- Can the alleged victim’s past sexual conduct be used in court against him or her?
What is “indecent assault”?
Assault includes placing your hands on another person without his or her consent or where you don’t care whether or not that person does consent. While an act of indecency is involves an act that has a sexual connotation to it which offends against currently accepted standards of indecency. This includes an act which right minded people would consider to be against community standards of decency.
Prior to 1984, people were charged and found guilty to those “offences”. This resulted in some going to prison, while others avoiding prison but receiving criminal convictions against their names. As you can imagine, this created problems for those convicted in obtaining employment, volunteering and travelling overseas.
Decriminalisation of homosexuality in NSW
Fortunately, as community minds changed, in fact, so did the laws to reflect this. Homosexuality was decriminalised in NSW in 1984. Unfortunately, this didn’t resolve the problem faced to those who were convicted and punished for those decriminalised offences, considered as ‘sex’ offences effecting their ability to gain employment and travel.
Extinguishment of historical homosexual convictions
The Criminal Records Act 1991 (NSW) was changed on 24 November 2014 allowing people with an eligible historical homosexual conviction to apply to the secretary of the Department of Justice to have that conviction extinguished. Some of the conditions of this is where the conviction can only be considered for extinguishment if the other person had consented to the sexual activity, and was above the age of consent.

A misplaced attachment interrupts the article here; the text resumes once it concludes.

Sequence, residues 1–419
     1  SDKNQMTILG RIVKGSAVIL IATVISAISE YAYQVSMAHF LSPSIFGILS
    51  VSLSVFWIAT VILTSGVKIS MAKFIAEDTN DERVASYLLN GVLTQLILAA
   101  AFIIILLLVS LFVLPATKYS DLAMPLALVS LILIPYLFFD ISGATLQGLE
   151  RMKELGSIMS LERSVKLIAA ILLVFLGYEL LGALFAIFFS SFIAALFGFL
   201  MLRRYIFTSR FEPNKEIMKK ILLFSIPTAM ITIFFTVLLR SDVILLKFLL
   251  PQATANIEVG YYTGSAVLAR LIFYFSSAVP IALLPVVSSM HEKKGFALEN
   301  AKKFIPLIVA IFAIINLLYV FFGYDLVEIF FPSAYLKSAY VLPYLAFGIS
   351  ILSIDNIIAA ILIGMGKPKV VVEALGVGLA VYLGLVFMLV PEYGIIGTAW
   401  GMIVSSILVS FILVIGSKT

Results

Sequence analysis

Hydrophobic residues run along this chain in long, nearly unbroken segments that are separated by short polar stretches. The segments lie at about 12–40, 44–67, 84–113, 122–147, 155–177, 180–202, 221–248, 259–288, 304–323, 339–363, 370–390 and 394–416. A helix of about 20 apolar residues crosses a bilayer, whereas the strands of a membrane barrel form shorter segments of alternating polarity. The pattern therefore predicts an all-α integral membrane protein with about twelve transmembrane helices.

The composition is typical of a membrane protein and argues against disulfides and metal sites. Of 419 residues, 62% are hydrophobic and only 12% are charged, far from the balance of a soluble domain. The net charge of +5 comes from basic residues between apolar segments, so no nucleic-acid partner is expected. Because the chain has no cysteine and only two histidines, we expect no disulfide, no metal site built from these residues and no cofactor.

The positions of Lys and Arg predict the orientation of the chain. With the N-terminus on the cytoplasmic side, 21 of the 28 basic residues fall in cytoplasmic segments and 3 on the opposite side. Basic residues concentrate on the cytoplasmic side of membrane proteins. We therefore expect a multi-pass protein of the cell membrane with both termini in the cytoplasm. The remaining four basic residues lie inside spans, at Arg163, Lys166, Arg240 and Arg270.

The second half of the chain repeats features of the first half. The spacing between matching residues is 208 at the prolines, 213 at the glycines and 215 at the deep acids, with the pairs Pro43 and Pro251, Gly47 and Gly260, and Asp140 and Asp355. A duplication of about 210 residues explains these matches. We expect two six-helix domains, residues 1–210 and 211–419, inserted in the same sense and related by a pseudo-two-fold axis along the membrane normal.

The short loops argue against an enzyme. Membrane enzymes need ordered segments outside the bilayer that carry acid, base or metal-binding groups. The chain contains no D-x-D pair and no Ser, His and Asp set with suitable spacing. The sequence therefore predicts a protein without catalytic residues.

The current law
While, it is not an offence in NSW, to have consensual sexual intercourse or touch someone in an area which suggests a sexual connotation (indecent assault) i.e. Touching the breasts or genital area. It is an offence to do this without the other persons consent, or where the other person (alleged victim) is under the legal age. Where the other person is under the legal age, it is still an offence regardless of whether he or she consented.
What is the legal age for sexual intercourse?
Section 66C Crimes Act 1900 (NSW) prohibits sexual intercourse with a child between the age of 10, but less than 16 years of age. This offence carries a maximum punishment of up to 16 years imprisonment if the victim was between 10-14 years of age, while a maximum punishment of up to 10 years imprisonment if the victim child was between 14-16 years of age.